During all six of those games, the Reds have been held to three runs or less. Thursday marked the sixth shutout of the season.
"It's one of those games that you're simply embarrassed, basically," Reds third baseman Todd Frazier said. "That's all you can say. Everybody, from top to bottom, we're not playing well, even though we got the win yesterday. We should have been rolling into this next game."
The last time the Reds were held to three runs or less for six straight games were the final six games of the 2013 season, when they went 0-6 and limped to the National League Wild Card Game. This season, the club is ranked 29th out of 30 Major League teams in runs scored.
Manager Bryan Price has seen enough and indicated changes were coming.
"What you start to do is start to give more people opportunities," Price said. "We have a five-man bench and we will utilize it as you'll see [Friday] and over the course of this series and moving forward. You can't keep trying the same things and expect a different result.
"We know these guys are grinding and it's frustrating. Everyone is frustrated. There is not a lack of effort by any means. There is a lack of results."
All three of the Reds' hits were leadoff knocks -- including two by Brayan Pena -- and all three baserunners were erased by double plays. In the third, Pena doubled, but he aggressively attempted to advance to third base on a Zack Cozart flyout to center field and was nailed by a perfect throw from A.J. Pollock.
Following Pena's single in the sixth, Zack Cozart grounded into a 5-4-3 double play. Although there were a couple of sharp grounders, Collmenter retired the final 11 batters in a row for the first complete game of his career.
"They're a very aggressive team, especially off fastballs, and there are times you make a good first pitch and you could get some weak pop-ups and you could tell some frustrated swings and stuff like that," Collmenter said. "You never know if they're missing them or just frustrated with what they're swinging at."
The last pitcher in the Majors to face the minimum 27 batters in a nine-inning game and allow three or more hits was Roy Oswalt for the Astros on Sept. 11, 2008. The 27 batter, three-or-more hit game happened only 13 times in Major League history since 1914.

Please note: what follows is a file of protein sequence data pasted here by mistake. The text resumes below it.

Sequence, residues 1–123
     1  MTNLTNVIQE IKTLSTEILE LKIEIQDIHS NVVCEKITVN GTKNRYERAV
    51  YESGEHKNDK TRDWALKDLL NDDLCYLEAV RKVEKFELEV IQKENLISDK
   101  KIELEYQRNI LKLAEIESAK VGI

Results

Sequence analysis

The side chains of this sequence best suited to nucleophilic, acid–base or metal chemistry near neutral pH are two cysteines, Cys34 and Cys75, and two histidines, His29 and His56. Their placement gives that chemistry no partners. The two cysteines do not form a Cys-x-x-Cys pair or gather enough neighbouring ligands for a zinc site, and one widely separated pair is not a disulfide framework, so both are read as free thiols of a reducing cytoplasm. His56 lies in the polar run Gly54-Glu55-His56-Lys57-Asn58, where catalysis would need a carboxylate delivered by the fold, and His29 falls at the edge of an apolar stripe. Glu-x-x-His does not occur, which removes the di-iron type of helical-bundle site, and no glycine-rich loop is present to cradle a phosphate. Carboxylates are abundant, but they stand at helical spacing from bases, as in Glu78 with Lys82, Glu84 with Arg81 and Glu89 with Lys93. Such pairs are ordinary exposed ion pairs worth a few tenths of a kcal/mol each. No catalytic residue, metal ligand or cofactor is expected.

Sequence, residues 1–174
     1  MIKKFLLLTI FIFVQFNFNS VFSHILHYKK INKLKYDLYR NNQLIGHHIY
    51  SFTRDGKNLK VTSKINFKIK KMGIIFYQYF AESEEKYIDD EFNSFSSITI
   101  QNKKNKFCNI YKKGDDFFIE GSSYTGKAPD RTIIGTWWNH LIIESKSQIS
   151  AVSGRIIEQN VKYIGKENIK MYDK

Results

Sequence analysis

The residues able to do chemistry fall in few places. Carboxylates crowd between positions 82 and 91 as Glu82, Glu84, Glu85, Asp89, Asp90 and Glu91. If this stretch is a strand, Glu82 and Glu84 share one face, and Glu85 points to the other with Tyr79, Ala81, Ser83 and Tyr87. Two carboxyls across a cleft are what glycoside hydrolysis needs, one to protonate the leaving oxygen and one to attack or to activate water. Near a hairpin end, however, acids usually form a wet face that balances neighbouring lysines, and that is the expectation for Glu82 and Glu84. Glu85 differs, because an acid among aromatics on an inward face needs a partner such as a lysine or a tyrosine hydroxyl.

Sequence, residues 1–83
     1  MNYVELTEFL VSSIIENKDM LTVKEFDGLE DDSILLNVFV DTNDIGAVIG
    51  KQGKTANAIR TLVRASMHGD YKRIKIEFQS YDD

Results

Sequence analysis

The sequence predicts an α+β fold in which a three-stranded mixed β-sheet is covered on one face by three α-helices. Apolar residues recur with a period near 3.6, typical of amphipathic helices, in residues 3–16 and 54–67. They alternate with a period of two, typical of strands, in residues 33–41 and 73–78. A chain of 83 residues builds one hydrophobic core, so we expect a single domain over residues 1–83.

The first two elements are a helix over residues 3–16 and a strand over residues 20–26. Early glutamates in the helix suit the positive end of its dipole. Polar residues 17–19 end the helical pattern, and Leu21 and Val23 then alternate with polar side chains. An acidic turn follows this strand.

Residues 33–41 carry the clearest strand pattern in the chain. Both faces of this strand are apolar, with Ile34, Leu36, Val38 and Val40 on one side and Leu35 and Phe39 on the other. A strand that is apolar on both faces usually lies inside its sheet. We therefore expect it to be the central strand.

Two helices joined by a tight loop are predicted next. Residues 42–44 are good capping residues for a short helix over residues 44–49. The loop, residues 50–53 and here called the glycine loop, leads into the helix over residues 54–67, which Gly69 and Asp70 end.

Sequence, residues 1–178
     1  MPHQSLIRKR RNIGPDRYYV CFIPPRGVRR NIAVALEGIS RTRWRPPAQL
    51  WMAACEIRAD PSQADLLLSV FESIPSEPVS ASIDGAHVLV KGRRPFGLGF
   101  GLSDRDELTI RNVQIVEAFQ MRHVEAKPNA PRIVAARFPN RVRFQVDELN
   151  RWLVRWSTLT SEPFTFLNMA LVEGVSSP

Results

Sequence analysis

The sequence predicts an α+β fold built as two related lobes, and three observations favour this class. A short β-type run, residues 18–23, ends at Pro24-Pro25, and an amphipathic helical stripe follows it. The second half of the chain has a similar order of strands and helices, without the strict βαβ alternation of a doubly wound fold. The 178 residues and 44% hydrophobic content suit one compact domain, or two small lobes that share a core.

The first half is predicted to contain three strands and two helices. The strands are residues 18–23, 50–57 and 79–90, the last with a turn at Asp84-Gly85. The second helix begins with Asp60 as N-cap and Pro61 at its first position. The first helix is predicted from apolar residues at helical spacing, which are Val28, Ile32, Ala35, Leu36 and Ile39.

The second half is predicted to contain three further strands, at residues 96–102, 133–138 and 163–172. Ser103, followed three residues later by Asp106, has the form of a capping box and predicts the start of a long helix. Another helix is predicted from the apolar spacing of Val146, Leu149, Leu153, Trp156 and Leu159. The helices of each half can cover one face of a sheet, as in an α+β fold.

"You have to be the ones to make the adjustment. He threw a nice ballgame, but we're better than 27 guys batting in nine innings. That's beyond unacceptable," Price said. "There's a growing frustration offensively and you can sense it. It's palpable.
"At some point in time, it's got to start to come. You start digging yourself into a hole you can't get out of and it makes it a lot harder to rally later in the season. We have to start doing some things now, become more of an offensive force now as opposed to thinking we can play another 20-30 games like this and somehow survive and revive our season. That would be unrealistic."
Pena was optimistic after the game that the Reds can emerge from the funk.
"We're going to be all right," Pena said. "We're going to be OK. We trust each other. We know we're capable of pulling this together. That's what we're going to do."
Reds starting pitcher Tony Cingrani gave up three runs (two earned) on seven hits with two walks and three strikeouts. He is 0-3 with a 5.29 ERA in his three starts since returning from the disabled list from mild left shoulder tendinitis.
Arizona took a 1-0 lead in the first before the second batter was finished. Pollock hit a leadoff double and when he stole third base with Chris Owings up, catcher Devin Mesoraco's throw went into left-field foul territory, allowing Pollock to score easily.
In the second, Cingrani gave up two singles and a walk to load the bases with one out but escaped when Collmenter grounded into a double play. In the fourth inning, Aaron Hill hit a 3-1 pitch for a leadoff homer that made it 2-0. In the sixth, Martin Prado hit a leadoff double to left-center field and scored on a Hill RBI single to end Cingrani's outing.
"I was hoping to roll one more inning out of him and feel good about a six-inning outing," Price said. "He had retired the last five hitters and was very sharp. He had a six-pitch inning the inning before. It seemed to make sense to send him out there. He fell behind the first hitter, gave up a double and then a single for the run. That was my fault for leaving him in there."
The Reds are back to a season-high six games under .500 at 23-29 while Arizona owns the second-worst record in baseball at 23-33.
"We talked about it after the game. I think we're in a better place after we came together a little bit," Frazier said. "We talked as a team. We said we need to come together, that's about it."